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Considering buying – or already occupying – an older home? Many homes built before 1978 contain lead-based paint that can pose health risks to inhabitants, especially to young children. Lead pipes may also impact water quality. That’s why many buyers choose to test for lead before they make an offer on a home they’re considering.

Where does lead occur?

Lead is not only found in older paints, but also in soil, household dust, and some drinking water. Lead-based paint is considered particularly dangerous to small children, who may breathe in, touch, or consume lead-painted materials or paint chips unknowingly. Lead-based paint and lead exposure have been linked to developmental disabilities as well as brain damage and other health problems. Lead in water is also considered a health risk.

Is lead present?

Generally, sellers are required to disclose their knowledge of lead-based paint within a home as part of a standard home sale contract, but in some instances (such as a foreclosure) such information may not be required or available. It’s best to review with your Realtor(tm) your community’s disclosure laws, especially if you are looking at an older home. Buyers generally have time within their purchase contract to test for lead, among other materials. Whether lead has been disclosed or not, many buyers choose to ask inspectors to research the presence of lead in a home and evaluate whether or not its presence is hazardous. WIN inspectors primarily screen for lead paint, but they may also screen for lead’s presence in water and provide you with valuable information and guidance if further evaluation is necessary.

Testing for lead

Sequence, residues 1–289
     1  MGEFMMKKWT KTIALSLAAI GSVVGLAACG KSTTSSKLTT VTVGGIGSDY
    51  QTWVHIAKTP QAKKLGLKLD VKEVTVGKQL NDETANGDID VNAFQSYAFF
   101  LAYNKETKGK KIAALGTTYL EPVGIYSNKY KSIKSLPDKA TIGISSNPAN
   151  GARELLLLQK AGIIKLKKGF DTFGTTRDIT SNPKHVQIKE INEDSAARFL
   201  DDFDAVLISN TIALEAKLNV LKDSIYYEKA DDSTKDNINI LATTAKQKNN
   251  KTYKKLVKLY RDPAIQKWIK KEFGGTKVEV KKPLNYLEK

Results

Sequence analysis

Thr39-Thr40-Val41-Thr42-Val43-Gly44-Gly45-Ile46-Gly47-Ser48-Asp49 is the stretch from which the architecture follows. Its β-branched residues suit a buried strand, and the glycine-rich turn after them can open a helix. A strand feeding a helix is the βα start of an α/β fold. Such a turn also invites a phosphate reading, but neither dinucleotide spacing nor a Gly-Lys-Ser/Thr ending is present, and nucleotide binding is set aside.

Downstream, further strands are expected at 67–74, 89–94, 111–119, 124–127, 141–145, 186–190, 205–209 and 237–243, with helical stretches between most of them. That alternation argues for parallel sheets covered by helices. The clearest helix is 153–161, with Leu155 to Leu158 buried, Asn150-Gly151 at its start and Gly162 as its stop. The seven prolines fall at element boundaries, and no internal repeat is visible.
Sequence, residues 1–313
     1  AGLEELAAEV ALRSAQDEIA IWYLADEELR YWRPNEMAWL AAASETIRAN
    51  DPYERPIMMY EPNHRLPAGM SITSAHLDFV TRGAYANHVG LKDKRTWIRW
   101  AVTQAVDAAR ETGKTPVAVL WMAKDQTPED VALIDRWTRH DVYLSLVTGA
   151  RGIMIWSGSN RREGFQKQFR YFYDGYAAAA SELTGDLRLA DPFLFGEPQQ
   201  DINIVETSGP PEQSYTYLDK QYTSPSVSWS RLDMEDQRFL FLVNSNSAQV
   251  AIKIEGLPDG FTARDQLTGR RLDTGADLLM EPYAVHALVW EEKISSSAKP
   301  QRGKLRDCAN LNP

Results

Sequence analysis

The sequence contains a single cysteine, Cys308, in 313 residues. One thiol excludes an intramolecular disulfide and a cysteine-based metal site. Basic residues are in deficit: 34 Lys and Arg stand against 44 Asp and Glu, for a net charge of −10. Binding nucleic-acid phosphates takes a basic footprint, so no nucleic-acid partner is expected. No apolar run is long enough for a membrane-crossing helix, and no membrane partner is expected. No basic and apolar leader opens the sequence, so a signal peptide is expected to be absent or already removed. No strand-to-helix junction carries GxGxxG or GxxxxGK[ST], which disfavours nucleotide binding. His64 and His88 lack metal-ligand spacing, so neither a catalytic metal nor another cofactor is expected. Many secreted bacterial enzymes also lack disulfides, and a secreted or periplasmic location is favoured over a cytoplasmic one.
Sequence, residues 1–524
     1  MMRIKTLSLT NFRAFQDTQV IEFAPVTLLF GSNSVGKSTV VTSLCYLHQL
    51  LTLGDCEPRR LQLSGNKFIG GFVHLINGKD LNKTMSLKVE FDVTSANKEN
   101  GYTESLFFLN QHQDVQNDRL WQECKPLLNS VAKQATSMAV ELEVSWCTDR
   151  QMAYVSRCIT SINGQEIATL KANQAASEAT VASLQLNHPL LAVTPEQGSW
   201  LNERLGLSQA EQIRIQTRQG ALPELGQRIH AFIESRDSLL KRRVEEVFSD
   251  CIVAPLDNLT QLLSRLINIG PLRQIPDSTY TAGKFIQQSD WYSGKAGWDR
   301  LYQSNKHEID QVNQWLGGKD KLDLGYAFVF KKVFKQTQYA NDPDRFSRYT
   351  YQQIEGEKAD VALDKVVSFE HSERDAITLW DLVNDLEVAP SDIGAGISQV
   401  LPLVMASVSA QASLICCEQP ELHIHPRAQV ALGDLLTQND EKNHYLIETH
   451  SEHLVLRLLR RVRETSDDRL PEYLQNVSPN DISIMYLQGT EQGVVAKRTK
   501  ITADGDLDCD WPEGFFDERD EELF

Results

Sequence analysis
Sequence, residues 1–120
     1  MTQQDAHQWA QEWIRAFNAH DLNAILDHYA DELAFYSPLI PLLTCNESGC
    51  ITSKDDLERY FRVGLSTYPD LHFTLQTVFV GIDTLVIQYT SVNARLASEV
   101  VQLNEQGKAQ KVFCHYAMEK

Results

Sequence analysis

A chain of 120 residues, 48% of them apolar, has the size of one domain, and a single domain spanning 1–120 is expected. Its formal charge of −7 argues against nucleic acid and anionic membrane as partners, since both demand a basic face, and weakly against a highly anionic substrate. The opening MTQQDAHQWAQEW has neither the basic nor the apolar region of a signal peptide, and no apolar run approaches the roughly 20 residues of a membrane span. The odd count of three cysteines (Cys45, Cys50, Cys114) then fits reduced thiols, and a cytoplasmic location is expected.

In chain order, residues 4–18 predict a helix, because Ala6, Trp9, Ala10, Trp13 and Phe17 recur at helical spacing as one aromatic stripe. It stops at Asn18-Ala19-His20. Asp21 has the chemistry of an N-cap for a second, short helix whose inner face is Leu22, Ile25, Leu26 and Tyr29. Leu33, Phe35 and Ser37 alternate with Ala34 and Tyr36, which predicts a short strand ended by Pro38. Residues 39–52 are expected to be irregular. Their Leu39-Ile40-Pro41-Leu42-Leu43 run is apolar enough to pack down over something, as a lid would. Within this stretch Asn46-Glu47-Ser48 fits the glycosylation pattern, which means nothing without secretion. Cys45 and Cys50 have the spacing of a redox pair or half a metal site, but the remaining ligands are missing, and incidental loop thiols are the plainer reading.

While self-testing kits for lead are available, the Environmental Protection Agency has stated that they are unreliable and recommends that homeowners and prospective buyers hire a professional to conduct lead testing. Lead testing usually involves inspecting levels of lead in paint around the home and a review of risks and how to amend them. A full lead test, if recommended, will involve a visual review of paint in the home, possible x-rays of home materials, dust testing, and lab testing by a lead sampling remediation company. WIN inspectors can test for lead paint as well as for lead’s presence in water.

Reducing the presence or potential presence of lead

If you believe your home has lead paint, the EPA advises you to dust and vacuum frequently and keep your walls freshly-painted. In addition, if you are planning to strip or re-paint surfaces anew, avoid using sanders, blasters, or stripping techniques that will stir up lead dust. If lead is present in water sources, it is possible to isolate or re-pipe piping materials which convey drinking water to lower the risk of lead ingestion. The EPA offers a guide to handling renovations in a home containing lead (see below).

Curious about lead?